# Proving convergence of a two related sequences, specifically that one converges to a value half of the other

Suppose a sequence $$a_n$$ converges to some $$x \in \mathbb{R}$$.

Let $$b_n$$ be defined by $$b_n = \frac{1}{n^2}(a_1 + 2a_2 + ... +na_n)$$. Prove that $$b_n$$ converges to $$\frac{x}{2}$$.

I am confused by the above prompt in my textbook, I have looked at some proofs and I see how to get that $$c_n = \frac{1}{n}(a_1 + a_2 + ... +a_n) = x$$, but I am struggling to see how to expand that given the coefficients in $$b_n$$.

Any and all help is appreciated.

• The question does not specify if it is monotonic!
– user732172
Commented Apr 5, 2020 at 18:16

Let $$a_n=x+d_n$$, then eventually $$|d_n|\lt\epsilon$$.
$$b_n-\frac1{n^2}\frac{n^2+n}2x = \frac1{n^2}(d_1+\ldots+nd_n)$$ Now divide the sum into a finite first part $$k\lt N$$ where $$d_k$$ may be large, and the rest where all the $$d_k$$ have absolute value below $$\epsilon$$.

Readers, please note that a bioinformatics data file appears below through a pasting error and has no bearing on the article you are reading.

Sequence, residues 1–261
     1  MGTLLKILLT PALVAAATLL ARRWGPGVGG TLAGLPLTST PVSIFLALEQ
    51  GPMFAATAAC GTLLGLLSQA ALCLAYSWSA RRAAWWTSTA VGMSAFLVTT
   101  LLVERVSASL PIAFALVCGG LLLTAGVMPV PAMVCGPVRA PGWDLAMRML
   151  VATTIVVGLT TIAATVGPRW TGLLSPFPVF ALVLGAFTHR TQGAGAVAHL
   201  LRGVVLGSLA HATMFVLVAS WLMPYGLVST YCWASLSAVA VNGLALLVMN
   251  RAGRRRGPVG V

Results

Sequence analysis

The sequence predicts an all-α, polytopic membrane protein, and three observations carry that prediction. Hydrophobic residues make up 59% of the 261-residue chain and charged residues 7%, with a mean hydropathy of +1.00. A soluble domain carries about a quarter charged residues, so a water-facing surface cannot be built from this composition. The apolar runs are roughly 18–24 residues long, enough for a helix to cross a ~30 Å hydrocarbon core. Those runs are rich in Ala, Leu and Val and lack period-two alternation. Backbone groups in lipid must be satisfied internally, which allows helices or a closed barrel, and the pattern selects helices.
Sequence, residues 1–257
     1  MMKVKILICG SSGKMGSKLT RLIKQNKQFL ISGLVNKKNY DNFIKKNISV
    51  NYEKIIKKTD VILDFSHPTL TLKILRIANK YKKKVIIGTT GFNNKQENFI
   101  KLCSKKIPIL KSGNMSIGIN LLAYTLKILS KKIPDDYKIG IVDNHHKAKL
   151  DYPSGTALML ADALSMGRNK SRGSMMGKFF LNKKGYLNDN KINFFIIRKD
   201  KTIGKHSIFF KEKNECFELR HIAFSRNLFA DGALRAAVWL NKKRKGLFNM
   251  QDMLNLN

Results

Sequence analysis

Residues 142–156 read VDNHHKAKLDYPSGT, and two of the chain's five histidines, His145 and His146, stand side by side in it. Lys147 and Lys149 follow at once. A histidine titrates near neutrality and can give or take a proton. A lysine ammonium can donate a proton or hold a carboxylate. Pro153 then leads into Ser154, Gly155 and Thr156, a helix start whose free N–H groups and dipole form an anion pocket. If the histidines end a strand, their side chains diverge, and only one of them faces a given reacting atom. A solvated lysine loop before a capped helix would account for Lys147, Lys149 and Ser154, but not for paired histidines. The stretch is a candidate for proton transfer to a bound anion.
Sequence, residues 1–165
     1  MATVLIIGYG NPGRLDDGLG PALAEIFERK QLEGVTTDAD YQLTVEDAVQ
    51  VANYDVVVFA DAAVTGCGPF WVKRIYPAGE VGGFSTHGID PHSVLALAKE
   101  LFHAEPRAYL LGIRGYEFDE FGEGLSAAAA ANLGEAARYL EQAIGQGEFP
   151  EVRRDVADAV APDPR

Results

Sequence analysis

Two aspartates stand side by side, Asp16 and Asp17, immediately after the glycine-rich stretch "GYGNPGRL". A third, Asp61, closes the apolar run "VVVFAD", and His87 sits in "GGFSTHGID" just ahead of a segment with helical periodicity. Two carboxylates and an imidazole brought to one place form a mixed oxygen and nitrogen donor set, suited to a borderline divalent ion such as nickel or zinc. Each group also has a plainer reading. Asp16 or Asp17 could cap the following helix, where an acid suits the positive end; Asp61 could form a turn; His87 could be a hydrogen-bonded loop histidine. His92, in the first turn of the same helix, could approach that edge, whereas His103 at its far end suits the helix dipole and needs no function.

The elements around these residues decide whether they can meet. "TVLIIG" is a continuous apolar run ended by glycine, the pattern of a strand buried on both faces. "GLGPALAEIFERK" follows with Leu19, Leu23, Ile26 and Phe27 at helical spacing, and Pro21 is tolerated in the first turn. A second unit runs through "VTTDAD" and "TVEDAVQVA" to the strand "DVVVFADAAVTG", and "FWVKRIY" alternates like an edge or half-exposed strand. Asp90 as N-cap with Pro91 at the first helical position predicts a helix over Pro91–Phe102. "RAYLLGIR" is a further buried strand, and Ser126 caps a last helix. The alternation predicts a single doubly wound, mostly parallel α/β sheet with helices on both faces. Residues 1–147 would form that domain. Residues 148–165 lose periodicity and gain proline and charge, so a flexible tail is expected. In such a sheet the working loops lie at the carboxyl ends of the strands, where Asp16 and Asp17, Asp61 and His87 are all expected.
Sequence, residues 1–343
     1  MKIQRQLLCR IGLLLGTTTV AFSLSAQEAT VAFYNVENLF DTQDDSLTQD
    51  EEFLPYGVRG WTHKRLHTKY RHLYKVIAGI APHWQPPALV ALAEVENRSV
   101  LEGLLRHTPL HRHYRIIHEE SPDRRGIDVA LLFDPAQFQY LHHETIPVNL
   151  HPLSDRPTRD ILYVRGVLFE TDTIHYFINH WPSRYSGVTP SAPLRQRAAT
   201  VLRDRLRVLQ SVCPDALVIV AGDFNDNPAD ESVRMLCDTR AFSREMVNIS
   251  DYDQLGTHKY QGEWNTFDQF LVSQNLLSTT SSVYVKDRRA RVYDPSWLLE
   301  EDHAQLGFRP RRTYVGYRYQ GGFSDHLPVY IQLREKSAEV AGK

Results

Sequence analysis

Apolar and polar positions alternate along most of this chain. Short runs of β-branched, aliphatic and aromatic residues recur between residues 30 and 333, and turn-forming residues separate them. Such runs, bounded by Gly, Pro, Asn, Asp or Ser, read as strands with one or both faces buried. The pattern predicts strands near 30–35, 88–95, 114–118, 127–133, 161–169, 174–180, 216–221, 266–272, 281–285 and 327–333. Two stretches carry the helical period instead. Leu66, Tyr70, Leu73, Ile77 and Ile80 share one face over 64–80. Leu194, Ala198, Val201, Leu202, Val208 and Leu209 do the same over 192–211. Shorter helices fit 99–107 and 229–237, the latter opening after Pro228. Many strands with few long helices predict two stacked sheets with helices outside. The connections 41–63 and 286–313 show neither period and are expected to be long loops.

• I'm confused on how to use the equation you've given, as I don't see it was found from $b_n - \frac{x}{2}$, which I thought was what I needed to show was less than $\epsilon$
• I subtracted $\frac1{n^2}(x+2x+\ldots+nx)$ from both sides Commented Apr 5, 2020 at 18:24
• Sorry -- still not fully understanding the logic behind it. I'll ask some more clarifying questions then. So you have $b_n - \frac{x}{2} = \frac{1}{n^2}(a_1 +... +na+n)$ and then you subtract $b_n$ from both sides? I'm still very confused as to what you are subtracting from... or what \$\frac{(n^2+n)x}{n^2} is...